Boredom isn’t something I’m used to. I’m a School Business Leader and we don’t do boredom. We do plate spinning, fire fighting, strategic planning and book balancing, all at the same time, so sitting quietly and watching box sets for 2 weeks isn’t going to cut it. The problem is though, that however much your mind thinks it can still run the equivalent of a small country remotely, the combined effects of some kickarse painkillers and the ravages of a physical attack by a colony of miniature badgers mean that the reality is somewhat lacking. Brain fog and fatigue mean that I’m only capable of a couple of hours of actual work before some bit of me decides that upright is no longer possible, and I’m back on the bed, hugging Janet.
And somehow, that other life, of a bustling busy job, of a hectic daily schedule, the executive conversations and planning meetings, seem life a lifetime away. Or in a parallel universe at least. I love that world, that life, and I want to get back there, but this new place doesn’t care about those things much, it’s full of medical terms, soreness, symptoms, appointments, instructions, and some pretty horrible-sounding treatments looming on the horizon.
But in this new world I have also found huge wells of compassion and kindness, from friends and colleagues, but also from people I hardly know. Gifts have been arriving daily (keep them coming by the way, I’ll never tire of them) along with messages of support and offers of help. I have also found a new set of people who I never really knew existed - the community of cancer patients, survivors, warriors, and supporters, who understand in a way that no one else can.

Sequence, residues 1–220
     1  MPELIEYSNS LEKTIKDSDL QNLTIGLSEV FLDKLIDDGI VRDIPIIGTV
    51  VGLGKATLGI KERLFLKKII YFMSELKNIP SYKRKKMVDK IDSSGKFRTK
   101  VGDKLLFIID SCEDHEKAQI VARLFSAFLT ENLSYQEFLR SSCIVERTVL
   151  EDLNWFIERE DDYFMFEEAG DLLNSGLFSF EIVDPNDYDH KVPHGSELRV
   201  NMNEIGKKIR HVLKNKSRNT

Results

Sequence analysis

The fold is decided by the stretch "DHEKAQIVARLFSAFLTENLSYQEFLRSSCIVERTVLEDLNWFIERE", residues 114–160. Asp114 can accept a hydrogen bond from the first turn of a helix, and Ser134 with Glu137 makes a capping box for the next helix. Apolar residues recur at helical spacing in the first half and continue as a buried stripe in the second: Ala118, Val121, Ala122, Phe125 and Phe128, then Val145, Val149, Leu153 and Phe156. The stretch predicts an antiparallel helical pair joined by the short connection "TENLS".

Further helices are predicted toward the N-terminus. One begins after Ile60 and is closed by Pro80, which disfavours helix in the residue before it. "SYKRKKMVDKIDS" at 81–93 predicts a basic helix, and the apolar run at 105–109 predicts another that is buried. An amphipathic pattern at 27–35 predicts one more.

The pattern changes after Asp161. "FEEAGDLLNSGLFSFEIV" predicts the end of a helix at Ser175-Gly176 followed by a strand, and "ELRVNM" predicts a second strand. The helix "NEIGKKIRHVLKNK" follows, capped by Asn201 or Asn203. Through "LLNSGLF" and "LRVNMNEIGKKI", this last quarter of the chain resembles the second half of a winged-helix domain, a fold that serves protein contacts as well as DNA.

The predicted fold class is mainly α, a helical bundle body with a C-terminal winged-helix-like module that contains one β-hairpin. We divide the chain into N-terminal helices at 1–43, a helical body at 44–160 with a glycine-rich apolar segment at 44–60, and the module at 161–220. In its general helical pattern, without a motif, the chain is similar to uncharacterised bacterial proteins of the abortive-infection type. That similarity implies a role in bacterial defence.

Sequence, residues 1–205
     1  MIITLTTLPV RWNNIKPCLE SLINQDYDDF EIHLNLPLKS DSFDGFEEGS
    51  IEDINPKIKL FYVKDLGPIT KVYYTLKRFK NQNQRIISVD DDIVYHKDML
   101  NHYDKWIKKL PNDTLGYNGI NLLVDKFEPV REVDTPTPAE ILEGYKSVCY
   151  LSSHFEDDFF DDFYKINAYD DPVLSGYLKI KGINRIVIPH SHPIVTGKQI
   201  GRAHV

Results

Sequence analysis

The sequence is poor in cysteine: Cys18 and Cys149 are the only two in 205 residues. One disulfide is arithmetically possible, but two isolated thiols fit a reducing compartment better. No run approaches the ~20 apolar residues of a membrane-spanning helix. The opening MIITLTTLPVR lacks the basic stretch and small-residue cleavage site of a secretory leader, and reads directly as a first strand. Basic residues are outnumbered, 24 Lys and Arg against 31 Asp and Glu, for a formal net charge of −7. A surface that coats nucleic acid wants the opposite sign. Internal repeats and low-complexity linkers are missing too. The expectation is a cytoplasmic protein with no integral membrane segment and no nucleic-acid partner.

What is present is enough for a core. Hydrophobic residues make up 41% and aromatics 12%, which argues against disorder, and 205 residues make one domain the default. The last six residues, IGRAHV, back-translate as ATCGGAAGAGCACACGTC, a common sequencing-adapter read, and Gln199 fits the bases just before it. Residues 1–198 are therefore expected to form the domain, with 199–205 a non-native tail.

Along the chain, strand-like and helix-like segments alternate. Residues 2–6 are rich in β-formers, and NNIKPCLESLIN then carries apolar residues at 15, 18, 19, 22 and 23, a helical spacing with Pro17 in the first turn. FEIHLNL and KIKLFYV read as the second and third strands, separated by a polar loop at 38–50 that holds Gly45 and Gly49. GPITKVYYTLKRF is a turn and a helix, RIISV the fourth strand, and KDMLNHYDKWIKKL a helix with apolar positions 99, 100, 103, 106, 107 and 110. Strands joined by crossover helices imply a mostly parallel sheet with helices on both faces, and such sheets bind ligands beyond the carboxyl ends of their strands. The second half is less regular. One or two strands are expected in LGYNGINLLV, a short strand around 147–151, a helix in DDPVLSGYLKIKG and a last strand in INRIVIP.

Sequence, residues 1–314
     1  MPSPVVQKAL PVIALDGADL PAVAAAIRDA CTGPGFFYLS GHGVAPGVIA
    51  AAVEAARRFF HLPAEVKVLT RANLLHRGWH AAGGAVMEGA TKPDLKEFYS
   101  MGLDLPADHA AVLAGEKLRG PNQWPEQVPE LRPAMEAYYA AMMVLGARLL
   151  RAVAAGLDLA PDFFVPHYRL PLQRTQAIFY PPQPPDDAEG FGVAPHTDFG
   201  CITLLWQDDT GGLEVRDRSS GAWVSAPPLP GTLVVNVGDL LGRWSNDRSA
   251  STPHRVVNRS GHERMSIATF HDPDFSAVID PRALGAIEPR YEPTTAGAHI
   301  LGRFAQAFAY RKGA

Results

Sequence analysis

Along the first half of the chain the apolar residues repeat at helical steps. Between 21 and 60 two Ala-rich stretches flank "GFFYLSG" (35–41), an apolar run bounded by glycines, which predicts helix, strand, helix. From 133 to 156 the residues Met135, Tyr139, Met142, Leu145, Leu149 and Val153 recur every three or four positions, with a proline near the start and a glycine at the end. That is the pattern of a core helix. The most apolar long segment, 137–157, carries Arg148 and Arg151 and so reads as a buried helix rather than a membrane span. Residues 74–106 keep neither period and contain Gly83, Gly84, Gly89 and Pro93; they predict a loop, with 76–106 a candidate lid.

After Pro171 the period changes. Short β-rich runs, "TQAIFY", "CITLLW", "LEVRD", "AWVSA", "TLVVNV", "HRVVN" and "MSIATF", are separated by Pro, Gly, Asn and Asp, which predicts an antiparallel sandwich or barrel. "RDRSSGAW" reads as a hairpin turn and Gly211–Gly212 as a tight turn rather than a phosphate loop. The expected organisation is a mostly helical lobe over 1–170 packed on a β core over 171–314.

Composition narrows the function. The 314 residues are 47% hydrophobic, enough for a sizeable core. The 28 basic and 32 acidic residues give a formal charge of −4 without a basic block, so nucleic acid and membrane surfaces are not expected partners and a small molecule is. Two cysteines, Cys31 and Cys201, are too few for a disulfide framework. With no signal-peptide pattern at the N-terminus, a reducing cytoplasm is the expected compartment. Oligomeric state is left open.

Bosom Buddies (sorry)
Like Darcie (still not her real name, but she’ll enjoy the pseudonymity enormously), who found me on Twitter and who has become a lifelong friend, instantly. She is 24 hours ahead of me, treatment wise, and we’re like two 4 year olds on the first day of school, holding hands and trying to work out where the toilets are. We share our fears and worries at what might be facing us next, but we also cry with laughter at the ridiculous and undignified crap we’re dealing with, as the reality of trying to be a working mum, with cancer, sinks in. We also pass notes to each other, under the desk, about how to turn an otherwise negative experience into an opportunity - for shopping mainly, and bargaining for more presents. She’s aiming for diamonds, which admittedly is classy and financially strategic. I have already negotiated an agreement in principle for 2 pygmy goats, once treatment is finished, but realising that diamonds are now on the table, I’m thinking I may have undersold myself in the negotiations, and should have gone full out for a jet ski. But this could be a long drawn out process, so there is always time to renegotiate.
Covid doesn’t even matter any more, in this new world, it’s no more of a challenge than putting the bins out, and frankly the bins might have to wait a week. Not that I do the bins, mind you, my husband does them, but he’s a bit busy making tea and doing the laundry.
Bring on the dancing unicorns
So I have another week of waiting, until we find out what the plan is, and I’ve got to try and fill my days with something. This blog is helping enormously, keeping me sane and keeping my brain busy. I have, of course, been researching the practicalities of chemotherapy, and have already started shopping for things to make the awfulness a bit better - like lip balms and fluffy socks and udder cream (yes really, that’s what it’s called) and, of course, bracing myself for life without hair. It might not happen, but if it does, I’ve already decided I’m going full on bald, with the option for a very large collection of outlandish hats and wigs. I’m 30 minutes from Brighton and I can only imagine the utter delights that await me there. Expect rainbow hair, expect animal headbands, expect dancing unicorn hats, and expect sparkle. Lots of it.